It is understandable that the other civil society party, the CUP, senses a certain dismay on the part of what they consider to be their electoral constituency in the face of the televised “brutal repression”, which is why this party declared its support, in the most opportunist fashion, for the demonstrators. The CUP not only conferred legitimacy on the Parliament which is a holdover from the past, a creation of a pact with franquismo, but even proclaimed that this Parliament embodied the “voice of the Catalonian people”. A voice that is expressed in its majority in the language of the Democratic Convergence of Catalonia, the main party of the oligarchy in the Principality. The collaboration of the CUP in the comedy of the convergent independence movement made a government of the Catalonian right wing possible, which ended up sending the riot cops to Gràcia. And now this same party is complaining about the violence that would not have been possible without its votes. By collaborating with the Convergence, the CUP is actually working for interests that are elsewhere represented by the PP. When politics is pure hypocrisy, its spectacle is pure bullshit. What lies behind it all is an increasingly more harsh authoritarianism. After the civil society movement cleared the streets of what were called, with quite a bit of exaggeration, social movements, and after the return of Franco-era policies of public order, the squats are all that is left to be forced into line.

The squats are the nightmare of the bureaucrats who think that they have the right to make decisions about the lives of others and that nothing should be beyond their control; the refractory example of the squats can change people who vote into people who fight, in Barcelona and everywhere else. The political leaders know: evictions mean riots.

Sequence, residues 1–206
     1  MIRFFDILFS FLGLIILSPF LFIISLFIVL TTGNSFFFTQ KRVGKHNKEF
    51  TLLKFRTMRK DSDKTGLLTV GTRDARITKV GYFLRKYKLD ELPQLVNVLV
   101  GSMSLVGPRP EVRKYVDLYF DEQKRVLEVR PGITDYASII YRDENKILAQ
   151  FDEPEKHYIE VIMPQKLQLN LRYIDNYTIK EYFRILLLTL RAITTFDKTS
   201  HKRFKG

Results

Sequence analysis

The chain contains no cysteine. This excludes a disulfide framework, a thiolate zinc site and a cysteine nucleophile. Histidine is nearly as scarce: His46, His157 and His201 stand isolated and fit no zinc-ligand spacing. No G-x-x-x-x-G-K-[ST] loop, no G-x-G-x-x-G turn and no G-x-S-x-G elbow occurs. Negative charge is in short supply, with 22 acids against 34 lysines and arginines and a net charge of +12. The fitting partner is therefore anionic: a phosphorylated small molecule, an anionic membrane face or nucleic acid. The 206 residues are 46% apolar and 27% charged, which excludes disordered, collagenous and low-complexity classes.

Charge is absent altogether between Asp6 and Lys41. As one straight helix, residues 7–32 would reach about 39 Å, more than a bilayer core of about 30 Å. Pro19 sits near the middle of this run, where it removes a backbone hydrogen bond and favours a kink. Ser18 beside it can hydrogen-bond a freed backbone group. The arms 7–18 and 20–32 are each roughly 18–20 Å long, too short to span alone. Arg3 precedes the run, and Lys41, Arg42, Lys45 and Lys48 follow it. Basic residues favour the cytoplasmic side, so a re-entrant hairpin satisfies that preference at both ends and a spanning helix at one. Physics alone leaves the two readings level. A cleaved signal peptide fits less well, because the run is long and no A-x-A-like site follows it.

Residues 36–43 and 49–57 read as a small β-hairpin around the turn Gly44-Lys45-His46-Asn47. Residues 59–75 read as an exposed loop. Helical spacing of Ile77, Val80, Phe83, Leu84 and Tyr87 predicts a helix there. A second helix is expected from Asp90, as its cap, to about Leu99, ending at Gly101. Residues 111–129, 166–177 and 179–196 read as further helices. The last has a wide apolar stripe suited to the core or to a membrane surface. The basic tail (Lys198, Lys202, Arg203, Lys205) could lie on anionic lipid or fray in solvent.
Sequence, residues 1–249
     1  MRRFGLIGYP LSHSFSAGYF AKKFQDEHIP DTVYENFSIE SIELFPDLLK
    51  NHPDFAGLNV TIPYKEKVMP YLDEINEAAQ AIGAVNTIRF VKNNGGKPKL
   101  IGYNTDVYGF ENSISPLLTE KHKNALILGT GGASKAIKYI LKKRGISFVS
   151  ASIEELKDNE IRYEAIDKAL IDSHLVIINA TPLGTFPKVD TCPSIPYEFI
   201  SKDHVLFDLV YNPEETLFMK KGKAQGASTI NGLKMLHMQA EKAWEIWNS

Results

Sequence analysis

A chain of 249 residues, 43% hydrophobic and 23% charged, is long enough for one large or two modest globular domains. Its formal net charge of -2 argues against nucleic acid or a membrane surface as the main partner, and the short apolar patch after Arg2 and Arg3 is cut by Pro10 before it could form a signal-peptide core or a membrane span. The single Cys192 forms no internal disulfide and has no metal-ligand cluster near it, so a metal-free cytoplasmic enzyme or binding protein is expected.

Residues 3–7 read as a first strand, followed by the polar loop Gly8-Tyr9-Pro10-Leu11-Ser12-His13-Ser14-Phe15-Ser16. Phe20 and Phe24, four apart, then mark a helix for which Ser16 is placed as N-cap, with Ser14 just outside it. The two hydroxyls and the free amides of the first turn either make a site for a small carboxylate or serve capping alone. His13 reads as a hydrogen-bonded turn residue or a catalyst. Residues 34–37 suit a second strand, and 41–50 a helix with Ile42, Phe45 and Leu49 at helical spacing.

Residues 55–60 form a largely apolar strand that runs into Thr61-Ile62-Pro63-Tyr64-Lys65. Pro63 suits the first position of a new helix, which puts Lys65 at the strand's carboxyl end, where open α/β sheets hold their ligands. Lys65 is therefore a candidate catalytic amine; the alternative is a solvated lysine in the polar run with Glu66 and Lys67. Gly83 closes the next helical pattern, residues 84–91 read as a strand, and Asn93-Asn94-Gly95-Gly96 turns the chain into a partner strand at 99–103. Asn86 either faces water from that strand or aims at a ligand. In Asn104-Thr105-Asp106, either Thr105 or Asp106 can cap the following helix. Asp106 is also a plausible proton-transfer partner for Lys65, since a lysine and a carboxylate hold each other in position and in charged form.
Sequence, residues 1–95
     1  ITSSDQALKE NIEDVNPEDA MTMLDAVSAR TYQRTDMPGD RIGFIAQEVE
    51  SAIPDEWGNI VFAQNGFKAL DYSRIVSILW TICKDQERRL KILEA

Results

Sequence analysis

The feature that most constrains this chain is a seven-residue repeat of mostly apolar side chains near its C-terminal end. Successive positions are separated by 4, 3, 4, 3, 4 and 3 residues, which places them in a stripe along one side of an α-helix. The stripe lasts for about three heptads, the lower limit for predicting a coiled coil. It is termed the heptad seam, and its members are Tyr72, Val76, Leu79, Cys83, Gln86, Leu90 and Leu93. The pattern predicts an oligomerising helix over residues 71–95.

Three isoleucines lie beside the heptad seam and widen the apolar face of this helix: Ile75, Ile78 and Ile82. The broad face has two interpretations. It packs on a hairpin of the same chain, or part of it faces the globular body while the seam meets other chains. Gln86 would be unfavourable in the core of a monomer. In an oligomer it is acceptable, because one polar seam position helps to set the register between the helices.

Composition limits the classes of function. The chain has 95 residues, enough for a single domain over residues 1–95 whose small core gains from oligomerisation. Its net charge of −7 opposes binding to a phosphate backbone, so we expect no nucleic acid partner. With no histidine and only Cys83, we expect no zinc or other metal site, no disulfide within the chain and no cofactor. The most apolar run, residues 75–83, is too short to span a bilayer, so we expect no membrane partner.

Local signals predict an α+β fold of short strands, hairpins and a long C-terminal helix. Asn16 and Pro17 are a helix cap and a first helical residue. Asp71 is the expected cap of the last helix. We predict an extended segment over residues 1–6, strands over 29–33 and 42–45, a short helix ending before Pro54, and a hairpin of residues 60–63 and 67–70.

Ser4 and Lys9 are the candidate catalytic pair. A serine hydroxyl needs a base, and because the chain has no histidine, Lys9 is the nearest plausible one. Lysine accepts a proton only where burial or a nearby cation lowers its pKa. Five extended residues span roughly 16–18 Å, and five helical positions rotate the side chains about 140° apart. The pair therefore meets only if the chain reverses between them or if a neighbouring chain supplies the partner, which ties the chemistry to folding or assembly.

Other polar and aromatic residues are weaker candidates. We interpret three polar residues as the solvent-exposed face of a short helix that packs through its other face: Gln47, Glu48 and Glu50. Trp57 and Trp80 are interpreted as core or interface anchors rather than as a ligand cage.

Argelaga, May 24, 2016

Translated on May 28, 2016 from the Spanish text obtained online at:

  • 1. English translations of communiqués issued by the supporters of the Banc Expropiat are available at the website of Squatnet:


May 29 2016 16:59

Another great contribution Alias, thanks very much. I'm doubtful that squats are such a "nightmare" for the powers that be, but it's important to highlight the attack on the Banc Expropiat in the context of the continued crackdown on anarchists across the Spanish state, and of course to publicise the case of Sidil Moctar. Given the enthusiasm for the new mayor of Barcelona among UK lefties this translation is particularly welcome, and it would be good if Libcom could share it on the facebook page (edit: been done, cheers!)... People can follow updates in English on the demos in Gracia today here:

Jun 5 2016 19:50
the strategy of tension, a tactic employed by the ruling classes for the purpose of disorganizing a social movement that has proven refractory to the dominant institutions in the latters’ own backyard

So the banks, judges, and police pick an easy target and suddenly Ada Colau is the enemy. The strategy of tension works because of stupidities like this article.

Jun 10 2016 00:56